This is a company's core brand or umbrella brand. Brands can be separated into three categories: primary. Although most industries and products or services can benefit from a brand. This is why many brands broaden and widen their appeal by creating tertiary brands or line extenders. Primary Brands . usually a modifier to the brand name will suffice and strengthen the core brand. but just descriptors. On the contrary. Therefore. a toothbrush called the Crest Deep Sweep.These are often line extenders. For example. Line extenders are characterized by having a descriptive term that allows the base brand to be the true selling proposition and the flanker to really designate to the audience what that particular product's key feature or benefits are. The generic line may bring in minimal revenue for the company. Crest is the core brand. Secondary Brands . for instance. By definition. or "flankers.III. branding is based on the concept of singularity — targeting individuals in a personal manner— and therefore precludes the concept of universal appeal. and Deep Sweep is the secondary brand. but they contribute to the company's overall image in some way.These brands typically have insignificant revenue potentials or expectations. they sometimes don't sport registered brand names. Tertiary brands . a garbage bag manufacturer may make a generic-brand bag in addition to its flagship brand. but it fills a need within a niche market so the company continues to manufacture it under the unregistered name Household Trash Bags. not every product needs its own stand-alone brand. Types of Brands A brand cannot be all things to all people. no one brand is going to appeal to all customers. Therefore. Secondary brands don't need to have their own name. . Primary brands typically garner a large percentage of a company's revenue potential and therefore need to be given priority and have a sufficient amount of advertising in order to root them firmly." for a core brand. Take. the generic line is considered a tertiary brand for this company. secondary and tertiary.
it will be easy to manipulate customer attitudes.increased market share is a direct result of a successful branding campaign. What Goes Into a Brand? If your product or service is new or unique. it probably soon will. image is difficult to change once established. products that may be roughly equivalent in terms of their features need to have a brand identity that will impact consumer choice. higher prices may signify to consumers higher quality. obviously.enduring public opinion of brand character. Like reputation. products or services with a high-profile market presence will lead to brand recognition and increased sales.prominence in the paid and unpaid media. Presence .IV. which is established by a combination of all elements of the brand. the better your sales results will be. which are directly related to presence. Quality .perceptions of brand traits or prototypical buyers.top-of-mind awareness. thetas of branding is made easier.which impacts satisfaction. these may be warranted or unwarranted.differentiation from the competition. More often. Image . Therefore. often represented by qualities the consumer relates to. Customer commitment . which is built over time and difficult to change once established. Distribution . Share of market . the higher your offering's awareness. residual awareness and recognition.loyalty is built through long-term branding and close consumer contact. your product or service will have been in existence for a while and have direct competition. Positioning salience .availability. Benefits . Since there are no preexisting biases toward the product or service. and lower prices may suggest decreased value. limited distribution of a product or service may imply exclusivity to discerning consumers. Awareness .a component of value. And if it doesn't.consumers may equate certain positive and negative consequences with use of your product or service.a predisposition to buy displayed by consumers who are establishing brand loyalty. Preference . . Reputation . higher quality will translate to more satisfied customers who come back again and again to purchase your offerings. Brand identity is comprised of: Pricing .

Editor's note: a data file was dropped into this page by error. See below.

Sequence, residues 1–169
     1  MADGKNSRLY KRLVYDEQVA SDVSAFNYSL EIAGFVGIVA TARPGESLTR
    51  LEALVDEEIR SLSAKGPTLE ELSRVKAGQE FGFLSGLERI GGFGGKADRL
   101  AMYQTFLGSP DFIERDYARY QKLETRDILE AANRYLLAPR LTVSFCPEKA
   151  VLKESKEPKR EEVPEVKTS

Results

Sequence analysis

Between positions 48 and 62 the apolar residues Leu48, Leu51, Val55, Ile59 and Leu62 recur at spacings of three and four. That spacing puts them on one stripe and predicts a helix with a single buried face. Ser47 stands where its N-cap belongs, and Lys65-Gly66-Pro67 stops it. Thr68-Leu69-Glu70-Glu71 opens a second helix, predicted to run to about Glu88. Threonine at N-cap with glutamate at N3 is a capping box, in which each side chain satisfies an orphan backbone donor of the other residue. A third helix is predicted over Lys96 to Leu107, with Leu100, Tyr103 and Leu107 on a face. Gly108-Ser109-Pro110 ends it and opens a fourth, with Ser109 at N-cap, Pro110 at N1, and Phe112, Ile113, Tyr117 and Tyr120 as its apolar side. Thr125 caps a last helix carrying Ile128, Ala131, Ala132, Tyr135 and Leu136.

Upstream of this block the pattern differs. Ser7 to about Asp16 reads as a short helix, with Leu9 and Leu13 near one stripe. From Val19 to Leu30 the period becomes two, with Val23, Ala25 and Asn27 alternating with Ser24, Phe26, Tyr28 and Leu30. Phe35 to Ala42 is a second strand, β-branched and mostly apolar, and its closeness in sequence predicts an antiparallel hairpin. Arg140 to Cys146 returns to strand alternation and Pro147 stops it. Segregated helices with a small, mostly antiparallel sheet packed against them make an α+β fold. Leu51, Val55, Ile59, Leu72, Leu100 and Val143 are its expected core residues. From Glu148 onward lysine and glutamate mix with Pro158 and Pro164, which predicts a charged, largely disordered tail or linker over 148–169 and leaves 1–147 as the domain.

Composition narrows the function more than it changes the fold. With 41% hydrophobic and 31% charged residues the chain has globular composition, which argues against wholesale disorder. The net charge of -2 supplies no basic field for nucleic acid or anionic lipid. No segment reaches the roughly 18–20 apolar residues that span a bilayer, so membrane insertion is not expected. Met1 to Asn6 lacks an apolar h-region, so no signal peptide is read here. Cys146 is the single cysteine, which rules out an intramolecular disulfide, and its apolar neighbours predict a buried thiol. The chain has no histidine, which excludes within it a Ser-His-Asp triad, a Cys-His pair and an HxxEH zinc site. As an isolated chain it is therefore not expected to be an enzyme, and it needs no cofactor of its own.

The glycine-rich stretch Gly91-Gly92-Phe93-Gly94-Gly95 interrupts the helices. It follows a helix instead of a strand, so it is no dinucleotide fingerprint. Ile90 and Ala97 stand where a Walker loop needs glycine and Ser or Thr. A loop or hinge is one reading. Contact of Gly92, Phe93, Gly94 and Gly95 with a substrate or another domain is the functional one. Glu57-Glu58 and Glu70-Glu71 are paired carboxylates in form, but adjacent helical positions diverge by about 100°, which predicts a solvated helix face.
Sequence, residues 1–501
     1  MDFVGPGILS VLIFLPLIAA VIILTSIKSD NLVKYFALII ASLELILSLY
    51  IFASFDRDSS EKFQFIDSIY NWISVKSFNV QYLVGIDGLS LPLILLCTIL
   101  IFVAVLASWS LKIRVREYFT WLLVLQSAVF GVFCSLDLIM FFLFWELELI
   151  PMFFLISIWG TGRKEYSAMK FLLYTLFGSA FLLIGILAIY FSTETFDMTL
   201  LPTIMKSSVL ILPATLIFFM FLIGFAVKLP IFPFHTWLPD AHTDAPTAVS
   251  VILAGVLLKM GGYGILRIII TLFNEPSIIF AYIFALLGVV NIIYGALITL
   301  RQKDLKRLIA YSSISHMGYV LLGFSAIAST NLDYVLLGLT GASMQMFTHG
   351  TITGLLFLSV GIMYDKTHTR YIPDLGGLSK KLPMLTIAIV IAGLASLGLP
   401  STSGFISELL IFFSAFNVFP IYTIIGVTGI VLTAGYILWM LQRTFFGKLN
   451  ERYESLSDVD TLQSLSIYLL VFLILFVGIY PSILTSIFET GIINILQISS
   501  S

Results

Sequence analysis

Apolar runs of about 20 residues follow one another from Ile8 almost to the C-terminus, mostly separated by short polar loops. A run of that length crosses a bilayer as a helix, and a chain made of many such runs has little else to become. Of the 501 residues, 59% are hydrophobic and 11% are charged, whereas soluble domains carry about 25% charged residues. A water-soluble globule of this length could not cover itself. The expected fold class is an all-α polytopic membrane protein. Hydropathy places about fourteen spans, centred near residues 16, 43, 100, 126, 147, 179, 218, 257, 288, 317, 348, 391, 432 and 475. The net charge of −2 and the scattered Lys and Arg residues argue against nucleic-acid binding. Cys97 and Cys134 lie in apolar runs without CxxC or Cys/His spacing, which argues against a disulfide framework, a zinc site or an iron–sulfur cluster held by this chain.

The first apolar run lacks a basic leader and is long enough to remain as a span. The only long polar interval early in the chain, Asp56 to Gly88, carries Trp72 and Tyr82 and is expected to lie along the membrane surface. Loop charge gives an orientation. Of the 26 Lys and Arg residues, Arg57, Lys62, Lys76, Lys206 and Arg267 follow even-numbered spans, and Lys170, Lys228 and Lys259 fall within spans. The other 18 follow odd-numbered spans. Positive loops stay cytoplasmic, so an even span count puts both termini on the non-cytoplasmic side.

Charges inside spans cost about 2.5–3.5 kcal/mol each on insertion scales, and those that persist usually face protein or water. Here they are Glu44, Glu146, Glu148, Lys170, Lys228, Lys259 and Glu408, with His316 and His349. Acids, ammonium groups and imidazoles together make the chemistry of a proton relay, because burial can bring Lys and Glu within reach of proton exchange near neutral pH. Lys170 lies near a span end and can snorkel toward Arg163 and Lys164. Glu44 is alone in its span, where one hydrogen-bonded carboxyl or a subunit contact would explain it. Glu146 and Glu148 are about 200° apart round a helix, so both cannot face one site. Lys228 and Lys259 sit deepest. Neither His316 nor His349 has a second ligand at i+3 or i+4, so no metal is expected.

99 shoes. a brand name can help propel a product or service through the marketplace. marketers at Reebok obviously didn't do their homework when they named their women's running shoe "Incubus. as the vehicle's name in Spanish means" It doesn't go. America Online. Calvin Klein. it will be your brand name against the brand names of your competitors in the marketplace. Tide laundry detergent). has positive associations. "It has to be easy to pronounce and have neutral to positive associations around the world. of their child. By the name alone. Aleve. how can you create a name that will stand the test of time? "First. it should also be memorable and easy to communicate in packaging and advertising.V. . the name has no meaning at all until broader identity building programs are built around the name (such as ESPN. What's in a Name? The foundation of your brand is its name. In other instances. The name is easy to say.. it should be able to communicate on its own without a lot of advertising.e. Performa). no one at Reebok was aware of the nightmarish nature of the name: An evil mythological spirit believed to descend upon and have sexual intercourse with women as they sleep. The company was mortified and looked into ways it could wipe out the offending name. Besides making sure that people from all or most ethnic backgrounds will accept your brand's name. If possible." Some extremely successful brand names include Google. Besides that. One of the most popular instances was the marketing mishap with the Chevy Nova." Apparently. McDonald's and Nordstrom. In cases of large companies. So. but on boxes. particularly with younger brands. After its uniqueness wears off. The car didn't go over well when the Latin consumers. the name should also complement the overall core values of the company. the descriptiveness of the name can have a strong influence on how well it's accepted (i. For instance. or at least in various languages. and links to the performance of the product. Many companies have committed translation faux pas when they failed to cross reference the brand's name in other languages or cultures. For others. Evian. which didn't appear on the $57. mothers could make the switch to disposable diapers that were more convenient without feeling that the product would compromise the comfort. Pampers was a perfect name for the diaper line that Procter & Gamble launched in the late 1970s. president of the Brand Institute in Boston. the brand came out at a time when cloth diapers were still largely popular with mothers. or pampering. Because of the high ethnic influences here in America." says James Dettore." More recently. Foster's Lager. you still have to have a name that crosses over many ethic and language barriers.